|Place of origin||Vietnam|
|Region or state||Southeast Asia|
|Main ingredients||Tapioca flour, optionally rice flour|
Bánh canh (literally "cake soup") is a thick Vietnamese noodle that can be made from tapioca flour or a mixture of rice and tapioca flour. "Cake" refers to the thick sheet of uncooked dough from which the noodles are cut.
- Bánh canh cua – a rich, thick crab soup, often with the addition of quail eggs.
- Bánh canh bột lọc – a more translucent and chewy version of the noodle.
- Bánh canh chả cá – the dish includes fish cake and is popular in the South Central, Vietnam.
- Bánh canh giò heo tôm thịt – includes pork knuckle and shrimp.
- Bánh canh Trảng Bàng – bánh canh made in the southeastern Vietnamese town of Trảng Bàng, served with boiled pork, tapioca noodles, and local herbs.
- Bánh canh tôm – a shrimp-flavoured broth that is also mixed with coconut milk.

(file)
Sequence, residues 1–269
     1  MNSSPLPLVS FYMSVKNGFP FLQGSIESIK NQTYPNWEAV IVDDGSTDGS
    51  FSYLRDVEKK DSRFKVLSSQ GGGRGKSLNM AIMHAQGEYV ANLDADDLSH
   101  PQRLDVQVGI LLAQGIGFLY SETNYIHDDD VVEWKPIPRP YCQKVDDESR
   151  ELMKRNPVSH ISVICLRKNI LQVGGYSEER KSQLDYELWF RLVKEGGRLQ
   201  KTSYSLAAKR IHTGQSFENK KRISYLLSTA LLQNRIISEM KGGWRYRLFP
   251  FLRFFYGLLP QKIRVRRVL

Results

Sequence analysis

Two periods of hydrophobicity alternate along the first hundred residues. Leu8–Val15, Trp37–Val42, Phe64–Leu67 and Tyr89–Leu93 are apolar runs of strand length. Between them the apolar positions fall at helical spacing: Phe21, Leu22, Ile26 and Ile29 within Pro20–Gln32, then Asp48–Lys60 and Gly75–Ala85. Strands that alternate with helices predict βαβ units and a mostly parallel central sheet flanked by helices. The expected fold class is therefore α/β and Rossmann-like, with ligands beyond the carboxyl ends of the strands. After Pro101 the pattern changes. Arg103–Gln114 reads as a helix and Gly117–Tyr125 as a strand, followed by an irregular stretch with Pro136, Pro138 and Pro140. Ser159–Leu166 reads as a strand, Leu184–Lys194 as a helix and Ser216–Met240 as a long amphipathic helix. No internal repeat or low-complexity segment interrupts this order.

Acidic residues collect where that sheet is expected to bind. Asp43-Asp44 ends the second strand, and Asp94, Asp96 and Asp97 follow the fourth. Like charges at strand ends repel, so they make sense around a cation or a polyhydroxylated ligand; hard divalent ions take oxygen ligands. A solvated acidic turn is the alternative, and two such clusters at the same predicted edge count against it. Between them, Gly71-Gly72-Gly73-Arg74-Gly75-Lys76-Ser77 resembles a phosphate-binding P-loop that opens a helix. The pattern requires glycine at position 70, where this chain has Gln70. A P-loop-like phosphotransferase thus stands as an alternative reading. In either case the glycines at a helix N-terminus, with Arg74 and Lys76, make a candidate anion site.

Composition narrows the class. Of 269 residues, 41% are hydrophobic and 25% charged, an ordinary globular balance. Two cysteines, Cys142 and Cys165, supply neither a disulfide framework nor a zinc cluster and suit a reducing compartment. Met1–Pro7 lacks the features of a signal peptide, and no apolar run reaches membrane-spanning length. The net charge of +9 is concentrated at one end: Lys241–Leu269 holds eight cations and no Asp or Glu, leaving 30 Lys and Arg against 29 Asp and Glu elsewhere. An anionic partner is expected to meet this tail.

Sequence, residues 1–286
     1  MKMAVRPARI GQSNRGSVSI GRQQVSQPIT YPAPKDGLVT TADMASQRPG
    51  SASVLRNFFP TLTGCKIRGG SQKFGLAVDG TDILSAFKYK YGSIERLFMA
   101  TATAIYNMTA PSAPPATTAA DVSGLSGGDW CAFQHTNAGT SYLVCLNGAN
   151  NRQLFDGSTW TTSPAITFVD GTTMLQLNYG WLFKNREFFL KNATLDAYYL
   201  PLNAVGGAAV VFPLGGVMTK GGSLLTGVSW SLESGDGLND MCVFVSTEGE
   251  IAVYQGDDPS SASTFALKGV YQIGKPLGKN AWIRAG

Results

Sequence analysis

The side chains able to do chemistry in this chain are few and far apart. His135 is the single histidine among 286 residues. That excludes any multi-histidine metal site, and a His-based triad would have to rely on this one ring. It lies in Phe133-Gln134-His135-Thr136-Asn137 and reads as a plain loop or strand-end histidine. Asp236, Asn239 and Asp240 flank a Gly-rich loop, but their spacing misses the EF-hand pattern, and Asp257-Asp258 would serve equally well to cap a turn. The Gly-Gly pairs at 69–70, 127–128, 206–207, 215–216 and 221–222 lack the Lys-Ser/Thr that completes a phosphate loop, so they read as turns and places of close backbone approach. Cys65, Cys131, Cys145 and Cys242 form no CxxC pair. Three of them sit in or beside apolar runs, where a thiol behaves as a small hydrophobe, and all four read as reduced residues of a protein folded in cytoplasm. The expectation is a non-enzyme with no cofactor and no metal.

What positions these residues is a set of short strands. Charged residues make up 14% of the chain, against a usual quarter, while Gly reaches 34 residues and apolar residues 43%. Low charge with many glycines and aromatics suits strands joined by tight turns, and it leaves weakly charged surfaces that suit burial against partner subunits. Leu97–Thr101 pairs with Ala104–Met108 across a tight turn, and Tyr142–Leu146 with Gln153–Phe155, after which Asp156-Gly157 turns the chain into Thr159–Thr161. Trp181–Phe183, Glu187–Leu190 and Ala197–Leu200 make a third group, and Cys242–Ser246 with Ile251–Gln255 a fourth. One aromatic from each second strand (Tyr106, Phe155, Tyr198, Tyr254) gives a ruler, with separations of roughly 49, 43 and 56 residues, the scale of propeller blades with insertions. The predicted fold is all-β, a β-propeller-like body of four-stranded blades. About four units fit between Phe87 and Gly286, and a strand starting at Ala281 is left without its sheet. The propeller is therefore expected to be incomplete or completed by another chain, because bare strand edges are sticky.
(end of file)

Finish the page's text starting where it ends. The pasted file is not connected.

The Vietnamese word bánh refers to items such as noodles or cakes that are made from flour, and canh means "soup."
- Alice Pung Her Father's Daughter 2011 Page 194 "Her mother would cook Vietnamese food because that was what she was taught in Saigon: Bánh hói, Bánh canh, fish soup and rice-paper rolls with hot Thai basil and mint."
- Sami Scripter, Sheng Yang – Cooking from the Heart: The Hmong Kitchen in America 2009 Page 100 "The Hmong name for them is khaub piaj; the Vietnamese name is bánh canh. These delightfully chewy noodles thicken the soup a little and they soak up a lot of liquid when cooked, so make plenty of broth."
- The Little Saigon Cookbook: Vietnamese Cuisine and Culture in Southern California's Little Saigon "Bánh canh giò"
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